- I do love satirical tech dystopias, which is why I was delighted by Made for Love (Stan), a kind of slept-on series adapted from Alissa Nutting’s novel. Cristin Milioti, so excellent in similar terrain such as Black Mirror and Palm Springs, is great here as a woman escaping an abusive relationship… while her abuser (Billy Magnussen, kind of typecast by now as a sinister bro) stalks her using a chip he implanted in her head. Ray Romano continues his acting renaissance as her hangdog father.
- Finally, I was one of perhaps ten people worldwide who seemed to have loved Foundation (Apple TV+). I’d never read the classic Isaac Asimov novels on which this sweeping, philosophical sci-fi epic is based, but I did enjoy Liu Cixin’s Remembrance of Earth’s Past novel trilogy, which was heavily inspired by Asimov; so I was all in for Foundation’s dizzying spread of time, and the way it interweaves religion, culture, science and love as different expressions of shared humanity. Should humankind change and adapt to survive, or should it protect and conserve itself? These are big questions, stunningly rendered onscreen with gorgeous production design and a charismatic cast – newcomer Lou Llobell is particularly compelling as maths prodigy Gaal.
Best Australian Screen Content
- It’s been a great year for Australian TV. I love a good period drama, so I’d been looking forward to New Gold Mountain – which did not disappoint. Beautifully realised, it has rich characterisation, powerful narrative intrigue and a strong, specific sense of place. The most boring, two-dimensional characters were the white people.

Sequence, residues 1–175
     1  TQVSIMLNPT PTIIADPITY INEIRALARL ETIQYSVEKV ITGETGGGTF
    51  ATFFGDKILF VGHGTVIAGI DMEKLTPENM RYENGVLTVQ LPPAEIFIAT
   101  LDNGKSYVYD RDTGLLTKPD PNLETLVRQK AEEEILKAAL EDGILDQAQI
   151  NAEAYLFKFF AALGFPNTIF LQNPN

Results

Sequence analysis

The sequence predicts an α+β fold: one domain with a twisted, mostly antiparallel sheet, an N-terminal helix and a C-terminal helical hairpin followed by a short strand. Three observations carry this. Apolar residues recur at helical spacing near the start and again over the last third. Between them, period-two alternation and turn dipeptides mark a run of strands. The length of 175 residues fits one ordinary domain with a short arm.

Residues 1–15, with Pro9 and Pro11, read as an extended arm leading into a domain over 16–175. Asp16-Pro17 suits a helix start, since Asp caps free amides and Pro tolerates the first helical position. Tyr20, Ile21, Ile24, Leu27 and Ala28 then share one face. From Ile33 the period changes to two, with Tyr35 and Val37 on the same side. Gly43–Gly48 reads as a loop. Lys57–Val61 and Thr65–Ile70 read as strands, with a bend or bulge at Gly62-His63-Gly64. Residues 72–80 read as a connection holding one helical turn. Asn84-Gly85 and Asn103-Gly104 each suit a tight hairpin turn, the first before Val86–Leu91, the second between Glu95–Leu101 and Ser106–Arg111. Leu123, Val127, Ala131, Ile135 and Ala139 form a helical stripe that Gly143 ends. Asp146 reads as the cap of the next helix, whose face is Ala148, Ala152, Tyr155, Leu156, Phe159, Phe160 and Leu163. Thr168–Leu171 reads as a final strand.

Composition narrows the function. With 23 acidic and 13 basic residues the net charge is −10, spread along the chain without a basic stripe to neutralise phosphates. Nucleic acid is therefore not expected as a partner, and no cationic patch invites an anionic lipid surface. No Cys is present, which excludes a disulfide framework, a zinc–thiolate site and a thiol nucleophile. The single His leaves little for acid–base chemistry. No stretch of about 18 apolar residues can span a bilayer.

- The Newsreader hit me in my sweet spot: period setting; workplace drama; sublimated romance. I relaxed completely into its storytelling. (Justice for Gay Tim!) It’s completely, meticulously of a specific point in lived Australian history; yet its themes are also universal – Variety recently included The Newsreader on its ‘Best International TV Shows of 2021’ list.
- It feels so long ago now, but Bump came out on New Year’s Day this year. This ‘Claudia Karvan urban fantasy’ about the liminal territory between adolescence and adulthood was a hit for Stan – for a reason. It’s warm, affectionate, and thoughtful about probing the intersections of class, race, sexuality and age without wielding them didactically as Themes. The third season drops on Stan on Boxing Day.
- Finally, Fires was gripping and humane, and featured knockout performances from a huge cast. Episode two, starring Miranda Otto and Richard Roxburgh, is still my favourite, but Kate Box is brilliant, too, in episode five. What I still admire about the series is the way its characters’ responses to the fires are idiosyncratically shaped by their pre-fire personalities and experiences – they’re not just blank mannequins, as in so many disaster stories.
Most Disappointing Viewing Experience
I’d heard Dear Evan Hansen was bad, but I struggled to cope with how comprehensively bad it was. Lots of people have observed, correctly, that Ben Platt is catastrophically miscast in the role; but there hasn’t been enough discussion of what a fundamentally ill-conceived project this musical was from the start.